Hell Or High Water Is Becoming A TV Series At Fox

You can add "Hell or High Water" to the list of film IPs that are being re-imagined for the small screen. Fox is developing a series adaptation of the 2016 neo-western thriller, with "Stranger Things" and "Dopesick" alum Jessica Mecklenburg writing and executive producing. David Mackenzie, who directed the original movie, will further executive produce the show along with Sidney Kimmel, John Penotti, Gigi Pritzker, Rachel Shane, Julia Yorn, and Carla Hacken (all of whom also produced Mackenzie's film).

According to Variety, the "Hell or High Water" TV show will pit a "zealous" Texas Ranger against two local boys who carry out a series of bank robbies to protect their West Texan ranching community from a "ruthless" oil tycoon. SK Global is backing the show along with Fox Entertainment.

So far, it looks like "Hell or High Water" film writer Taylor Sheridan won't be involved with the TV show, which is only to be expected. Sheridan has been quite busy of late, having co-created your dad's favorite series "Yellowstone" and its spinoff-prequel "1883" as well as "Mayor of Kingstown." He's also collaborating with "Boardwalk Empire" creator Terence Winter on "Kansas City," a show starring Sylvester Stallone that will give everyone's fathers something else to watch in-between seasons of "Yellowstone."

It Means "Enemy to Everyone"

Mackenzie's "Hell or High Water" was the second film penned by Sheridan and the only one to land him an Oscar nod for his writing to date. It's also easily my favorite movie Sheridan has worked on as a writer, between Mackenzie's tight direction and a great cast of men with mustaches that includes Chris Pine as a divorced father who, with the help of his ex-con brother (Ben Foster, who all but steals the film), carries out a carefully conceived plan to rob a series of Texas Midlands Bank locations, then use the stolen cash to pay back the bank and prevent it from foreclosing on his family's ranch. Jeff Bridges co-starred in the movie as the aging Texas Ranger who hopes to catch the duo before retiring, with the aid of his partner (Gil Birmingham, who's also terrific but, sadly, does not have a mustache).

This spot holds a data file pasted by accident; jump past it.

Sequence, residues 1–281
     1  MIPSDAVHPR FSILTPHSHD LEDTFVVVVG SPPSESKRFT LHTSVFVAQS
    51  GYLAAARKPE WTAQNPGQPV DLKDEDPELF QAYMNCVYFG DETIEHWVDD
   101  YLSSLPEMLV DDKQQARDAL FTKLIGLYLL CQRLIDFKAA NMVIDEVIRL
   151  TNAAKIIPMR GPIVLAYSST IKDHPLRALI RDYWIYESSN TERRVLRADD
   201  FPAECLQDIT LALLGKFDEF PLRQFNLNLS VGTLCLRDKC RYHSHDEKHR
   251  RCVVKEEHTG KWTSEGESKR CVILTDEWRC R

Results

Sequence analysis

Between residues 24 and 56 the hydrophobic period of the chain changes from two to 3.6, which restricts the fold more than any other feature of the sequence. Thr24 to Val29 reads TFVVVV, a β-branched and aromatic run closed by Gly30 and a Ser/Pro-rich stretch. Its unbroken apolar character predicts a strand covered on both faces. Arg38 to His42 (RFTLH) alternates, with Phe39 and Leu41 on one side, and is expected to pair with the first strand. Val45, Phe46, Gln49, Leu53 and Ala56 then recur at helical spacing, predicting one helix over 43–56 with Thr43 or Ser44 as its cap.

"Hell or High Water" is one of those genre movies that manages to say a lot about major social issues — most pointedly, economic inequality in the wake of the 2007-2008 financial crisis — while taking viewers on a soulful, kick-ass ride full of memorable quotes and exchanges. ("Only a**holes drink Mr. Pibb." "... Drink up.") It's hard to imagine the series adaptation working nearly as well or having a similar impact, but best of luck to those involved all the same.